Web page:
Governor Scott Walker will sign the state budget Thursday afternoon, but he’s already detailing what in the $76 billion spending plan he will veto.
The governor on Wednesday released a list of 99 vetoes he plans to make to the budget. It includes several he already agreed to in order to help get the bill through the state Senate last week – such as moving up the start date of a prevailing wage repeal and changes to restrictions on school district referendums. Dozens more will be made though, and some are already drawing criticism from Republicans.
They include the removal of a provision that would have allowed low-spending school districts to raise property taxes, if they spend less than the state average per student. Walker said he was vetoing the provision because it could result in a “substantial increase in property tax capacity” without voter approval.
Rep. John Nygren (R-Marinette), who co-chairs the Legislature’s Joint Finance Committee, said he was “severely disappointed” in the governor’s decision to remove the provision from the budget, which he believes would address a long-term inequity in K-12 education funding. “As a result of this veto, low revenue school districts will continue to be required to meet their constitutional educational obligations with less resources than neighboring districts; a funding inequity that has existed for over 20 years,” Nygren argued.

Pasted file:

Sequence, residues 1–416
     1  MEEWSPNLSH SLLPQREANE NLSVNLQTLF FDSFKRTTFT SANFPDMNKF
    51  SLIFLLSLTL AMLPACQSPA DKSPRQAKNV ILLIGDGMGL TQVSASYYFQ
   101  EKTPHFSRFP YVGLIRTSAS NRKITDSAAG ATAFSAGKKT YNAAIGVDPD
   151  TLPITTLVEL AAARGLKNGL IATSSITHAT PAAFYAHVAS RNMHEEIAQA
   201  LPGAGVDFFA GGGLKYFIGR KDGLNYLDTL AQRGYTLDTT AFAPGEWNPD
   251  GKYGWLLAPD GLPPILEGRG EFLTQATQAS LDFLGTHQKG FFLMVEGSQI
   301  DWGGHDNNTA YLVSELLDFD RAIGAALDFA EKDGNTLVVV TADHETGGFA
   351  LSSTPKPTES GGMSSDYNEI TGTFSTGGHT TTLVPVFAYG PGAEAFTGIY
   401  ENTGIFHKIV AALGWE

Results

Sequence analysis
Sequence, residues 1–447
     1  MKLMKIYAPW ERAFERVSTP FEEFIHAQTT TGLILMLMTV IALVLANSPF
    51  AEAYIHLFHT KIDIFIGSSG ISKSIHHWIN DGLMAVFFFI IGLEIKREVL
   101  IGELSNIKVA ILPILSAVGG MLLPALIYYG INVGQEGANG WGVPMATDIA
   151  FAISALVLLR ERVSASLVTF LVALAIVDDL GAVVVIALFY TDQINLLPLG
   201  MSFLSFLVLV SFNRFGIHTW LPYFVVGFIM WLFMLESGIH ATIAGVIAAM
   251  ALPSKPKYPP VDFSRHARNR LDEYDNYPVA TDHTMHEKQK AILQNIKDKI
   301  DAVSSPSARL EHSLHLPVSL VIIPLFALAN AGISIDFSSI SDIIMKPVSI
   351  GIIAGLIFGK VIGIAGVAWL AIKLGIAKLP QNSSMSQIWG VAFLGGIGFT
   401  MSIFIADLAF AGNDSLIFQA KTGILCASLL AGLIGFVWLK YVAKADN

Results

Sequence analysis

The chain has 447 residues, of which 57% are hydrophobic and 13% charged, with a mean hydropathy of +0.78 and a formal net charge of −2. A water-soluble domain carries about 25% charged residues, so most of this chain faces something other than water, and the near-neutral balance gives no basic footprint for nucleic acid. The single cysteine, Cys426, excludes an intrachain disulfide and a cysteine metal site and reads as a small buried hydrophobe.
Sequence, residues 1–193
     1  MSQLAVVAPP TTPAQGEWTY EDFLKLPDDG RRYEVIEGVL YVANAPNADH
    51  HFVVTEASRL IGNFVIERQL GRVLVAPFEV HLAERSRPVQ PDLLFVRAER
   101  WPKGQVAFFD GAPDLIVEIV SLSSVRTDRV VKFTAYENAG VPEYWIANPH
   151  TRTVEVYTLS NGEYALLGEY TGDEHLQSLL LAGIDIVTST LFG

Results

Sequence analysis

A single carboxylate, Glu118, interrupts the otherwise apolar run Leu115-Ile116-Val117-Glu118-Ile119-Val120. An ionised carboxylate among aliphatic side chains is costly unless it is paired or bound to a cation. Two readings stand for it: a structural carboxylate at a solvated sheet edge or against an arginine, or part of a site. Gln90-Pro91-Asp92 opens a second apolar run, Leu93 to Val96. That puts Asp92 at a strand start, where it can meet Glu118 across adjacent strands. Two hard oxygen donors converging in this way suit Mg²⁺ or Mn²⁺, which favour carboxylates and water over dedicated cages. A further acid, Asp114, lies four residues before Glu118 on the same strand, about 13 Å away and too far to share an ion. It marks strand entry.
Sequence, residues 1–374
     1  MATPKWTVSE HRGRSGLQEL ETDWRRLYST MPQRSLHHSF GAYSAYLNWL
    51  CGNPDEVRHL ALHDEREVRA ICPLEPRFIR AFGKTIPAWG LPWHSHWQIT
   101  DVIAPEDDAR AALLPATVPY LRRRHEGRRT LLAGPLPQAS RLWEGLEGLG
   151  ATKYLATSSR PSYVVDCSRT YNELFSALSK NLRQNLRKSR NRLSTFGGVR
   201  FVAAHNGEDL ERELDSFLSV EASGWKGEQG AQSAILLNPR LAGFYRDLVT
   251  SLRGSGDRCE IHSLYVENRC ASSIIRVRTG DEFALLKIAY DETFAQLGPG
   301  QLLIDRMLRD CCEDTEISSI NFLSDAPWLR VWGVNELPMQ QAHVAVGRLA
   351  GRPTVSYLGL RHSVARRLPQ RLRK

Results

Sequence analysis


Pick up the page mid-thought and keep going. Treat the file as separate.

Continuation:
Other vetoes Walker plans to make include scaling back the size of a tax credits for historic rehabilitation projects, cutting five positions that would have been added to the Wisconsin Elections Commission, and removing legislative oversight of bonding for transportation projects tied a proposed Foxconn factory in southeastern Wisconsin. “By depriving the Joint Committee on Finance of a passive review, we are continuing to deny the Wisconsin taxpayer a responsible and accountable transportation fund,” Nygren said.
Walker will sign the budget Thursday at an elementary school in Neenah.